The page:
Fermenting lessons Jillian Ross returns to the Folk School at the Florida Maritime Museum, 4415 119th St. W., Cortez, on Saturday, Jan. 20, from 10 a.m. to noon to teach about lacto fermentation, a traditional way that food has been preserved for centuries. Fermented foods are full of probiotics and known to assist in healing digestive issues. In the basic fermentation class, Ross will go over the science and methods of how to properly ferment foods and beverages of all kinds. She also will discuss the tools that are used and how to source the products needed to use ferments in the home. Ross will bring items to show and share with the class so they can become more familiar. These include sauerkraut, kimchi, beet kvass, milk/water kefir, kombucha, and various lacto-fermented pickles and vegetables. Everyone will get to sample different items. There is a registration fee of $20. Register by Thursday, Jan. 18, by visiting

Learn storytelling The Folk School at Florida Maritime Museum hosts a class in storytelling on Tuesday, Jan. 23, from 10 a.m. to noon. Students will be introduced to the different kinds


of stories common in three traditions of Florida folklore: African-American, Florida Cracker and Seminole. For example, some tales teach a lesson, others explain traditions, and many tales explain the origins of animals and plants or people. Students will learn the techniques of telling, such as using voice and mime to develop characters and build suspense. Students will have the opportunity to tell a story with the techniques they learned at the class. Students will need to bring a pen/pencil and paper/ notebook. The class fee is $20. Register by Tuesday, Jan, 16, by visiting For a complete class schedule for The Folk School at Florida Maritime Museum, visit Follow the Folk School on Facebook (https://www.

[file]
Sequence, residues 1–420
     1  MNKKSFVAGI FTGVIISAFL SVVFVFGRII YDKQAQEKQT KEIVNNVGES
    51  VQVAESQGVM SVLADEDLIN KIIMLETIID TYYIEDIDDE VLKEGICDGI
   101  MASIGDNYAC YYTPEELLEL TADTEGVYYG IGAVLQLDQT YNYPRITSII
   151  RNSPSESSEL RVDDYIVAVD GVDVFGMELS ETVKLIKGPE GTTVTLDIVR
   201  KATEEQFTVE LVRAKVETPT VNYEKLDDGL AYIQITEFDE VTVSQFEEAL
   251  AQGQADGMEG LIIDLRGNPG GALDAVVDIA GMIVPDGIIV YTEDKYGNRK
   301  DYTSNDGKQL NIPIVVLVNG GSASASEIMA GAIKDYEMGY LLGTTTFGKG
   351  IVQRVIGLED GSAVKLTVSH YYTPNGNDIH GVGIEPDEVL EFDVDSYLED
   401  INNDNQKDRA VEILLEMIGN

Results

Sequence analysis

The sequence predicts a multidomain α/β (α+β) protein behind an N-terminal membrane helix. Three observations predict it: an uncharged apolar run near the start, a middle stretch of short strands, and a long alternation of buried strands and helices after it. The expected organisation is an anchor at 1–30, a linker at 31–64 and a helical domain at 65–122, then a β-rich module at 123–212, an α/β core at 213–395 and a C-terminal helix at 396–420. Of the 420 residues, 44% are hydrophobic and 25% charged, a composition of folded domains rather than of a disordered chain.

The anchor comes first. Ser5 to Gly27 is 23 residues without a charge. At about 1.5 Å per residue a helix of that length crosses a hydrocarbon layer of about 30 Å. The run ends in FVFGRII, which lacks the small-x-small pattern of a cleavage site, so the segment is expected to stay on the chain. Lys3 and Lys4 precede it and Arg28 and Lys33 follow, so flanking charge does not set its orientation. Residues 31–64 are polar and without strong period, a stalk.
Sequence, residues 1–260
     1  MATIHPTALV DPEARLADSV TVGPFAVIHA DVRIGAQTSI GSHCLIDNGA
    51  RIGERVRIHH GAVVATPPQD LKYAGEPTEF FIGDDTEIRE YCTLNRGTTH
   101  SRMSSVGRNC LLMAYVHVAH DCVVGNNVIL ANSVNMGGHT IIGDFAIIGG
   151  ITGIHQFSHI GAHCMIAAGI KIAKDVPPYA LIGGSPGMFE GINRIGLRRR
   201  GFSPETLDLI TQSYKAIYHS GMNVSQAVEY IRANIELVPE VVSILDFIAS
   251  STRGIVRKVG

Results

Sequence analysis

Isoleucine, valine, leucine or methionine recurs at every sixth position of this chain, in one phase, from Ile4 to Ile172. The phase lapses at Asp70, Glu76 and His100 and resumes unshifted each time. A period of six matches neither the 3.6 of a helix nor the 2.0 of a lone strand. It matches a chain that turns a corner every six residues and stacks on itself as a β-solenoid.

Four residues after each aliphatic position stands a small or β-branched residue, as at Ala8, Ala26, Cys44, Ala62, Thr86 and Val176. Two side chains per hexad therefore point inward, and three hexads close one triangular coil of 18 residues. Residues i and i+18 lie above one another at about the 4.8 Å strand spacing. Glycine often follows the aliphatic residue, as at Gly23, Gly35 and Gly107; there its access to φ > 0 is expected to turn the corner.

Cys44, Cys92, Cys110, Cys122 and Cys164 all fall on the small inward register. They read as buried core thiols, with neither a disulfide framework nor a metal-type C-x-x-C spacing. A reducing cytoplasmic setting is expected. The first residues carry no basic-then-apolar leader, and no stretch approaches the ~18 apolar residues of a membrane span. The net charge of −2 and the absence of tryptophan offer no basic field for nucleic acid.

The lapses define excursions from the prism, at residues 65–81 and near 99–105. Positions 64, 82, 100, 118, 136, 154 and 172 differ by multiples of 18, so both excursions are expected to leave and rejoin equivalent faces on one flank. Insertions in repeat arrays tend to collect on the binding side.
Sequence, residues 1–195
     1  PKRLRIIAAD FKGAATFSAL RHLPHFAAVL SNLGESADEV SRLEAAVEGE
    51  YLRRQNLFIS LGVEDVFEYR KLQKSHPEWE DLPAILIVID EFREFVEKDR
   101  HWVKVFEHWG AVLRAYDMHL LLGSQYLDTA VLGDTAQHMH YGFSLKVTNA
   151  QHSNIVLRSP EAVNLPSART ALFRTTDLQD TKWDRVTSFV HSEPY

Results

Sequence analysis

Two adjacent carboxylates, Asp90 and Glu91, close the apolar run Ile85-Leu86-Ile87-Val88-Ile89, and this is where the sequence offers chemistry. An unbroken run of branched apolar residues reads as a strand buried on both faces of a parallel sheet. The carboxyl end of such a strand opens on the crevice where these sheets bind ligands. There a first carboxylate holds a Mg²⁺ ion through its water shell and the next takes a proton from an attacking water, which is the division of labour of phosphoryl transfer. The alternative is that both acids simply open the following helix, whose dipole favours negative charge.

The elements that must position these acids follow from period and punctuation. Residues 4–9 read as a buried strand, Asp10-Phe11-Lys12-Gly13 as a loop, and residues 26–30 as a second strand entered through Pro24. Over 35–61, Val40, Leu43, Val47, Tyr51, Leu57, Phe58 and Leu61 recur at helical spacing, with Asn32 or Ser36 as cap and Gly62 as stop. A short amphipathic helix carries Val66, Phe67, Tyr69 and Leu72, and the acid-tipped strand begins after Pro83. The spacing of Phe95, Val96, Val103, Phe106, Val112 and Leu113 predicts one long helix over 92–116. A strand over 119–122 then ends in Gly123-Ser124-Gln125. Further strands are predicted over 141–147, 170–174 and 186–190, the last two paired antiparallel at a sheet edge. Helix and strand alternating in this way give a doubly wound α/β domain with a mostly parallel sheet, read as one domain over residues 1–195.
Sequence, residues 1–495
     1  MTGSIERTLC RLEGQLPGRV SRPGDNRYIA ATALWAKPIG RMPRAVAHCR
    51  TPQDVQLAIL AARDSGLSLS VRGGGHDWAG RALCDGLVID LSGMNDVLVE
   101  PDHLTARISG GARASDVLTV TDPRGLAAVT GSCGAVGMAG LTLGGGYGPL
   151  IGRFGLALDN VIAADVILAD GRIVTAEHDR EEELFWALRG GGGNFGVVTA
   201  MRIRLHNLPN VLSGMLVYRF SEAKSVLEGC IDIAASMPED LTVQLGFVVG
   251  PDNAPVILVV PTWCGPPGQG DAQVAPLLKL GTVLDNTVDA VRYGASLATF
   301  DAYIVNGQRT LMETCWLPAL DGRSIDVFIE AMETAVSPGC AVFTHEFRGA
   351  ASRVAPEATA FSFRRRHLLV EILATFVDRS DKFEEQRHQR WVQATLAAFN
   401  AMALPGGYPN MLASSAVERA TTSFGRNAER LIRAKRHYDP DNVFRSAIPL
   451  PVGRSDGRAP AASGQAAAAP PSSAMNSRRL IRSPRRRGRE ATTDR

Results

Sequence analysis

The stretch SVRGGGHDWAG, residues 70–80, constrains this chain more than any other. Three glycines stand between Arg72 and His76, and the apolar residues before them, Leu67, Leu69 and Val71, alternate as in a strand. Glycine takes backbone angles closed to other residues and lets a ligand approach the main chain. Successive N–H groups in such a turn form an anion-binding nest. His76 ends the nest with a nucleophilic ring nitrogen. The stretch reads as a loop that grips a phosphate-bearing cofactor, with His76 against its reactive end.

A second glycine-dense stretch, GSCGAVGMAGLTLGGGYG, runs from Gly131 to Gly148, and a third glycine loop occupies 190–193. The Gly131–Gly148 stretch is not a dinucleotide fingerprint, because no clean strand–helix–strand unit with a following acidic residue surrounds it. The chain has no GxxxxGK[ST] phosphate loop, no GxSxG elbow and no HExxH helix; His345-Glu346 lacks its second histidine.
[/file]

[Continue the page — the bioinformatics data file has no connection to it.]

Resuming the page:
DANCE Irish Ceili and set dancing returns The Anna Maria Irish Ceili dancers offer their winter dancing at the Sandpiper Mobile Resort, 2601 Gulf Drive, N., Bradenton Beach beginning Wednesday, January 10, from 1 to 3 p.m., and will continue every Wednesday through the end of March. All, including beginners, are welcome to attend. For more information, contact Judy at 941-779-1416, or Willie at 734-276-2242.

'Beyond a Joke' had plenty of them BY TOM VAUGHT SUN STAFF WRITER | tvaught@amisun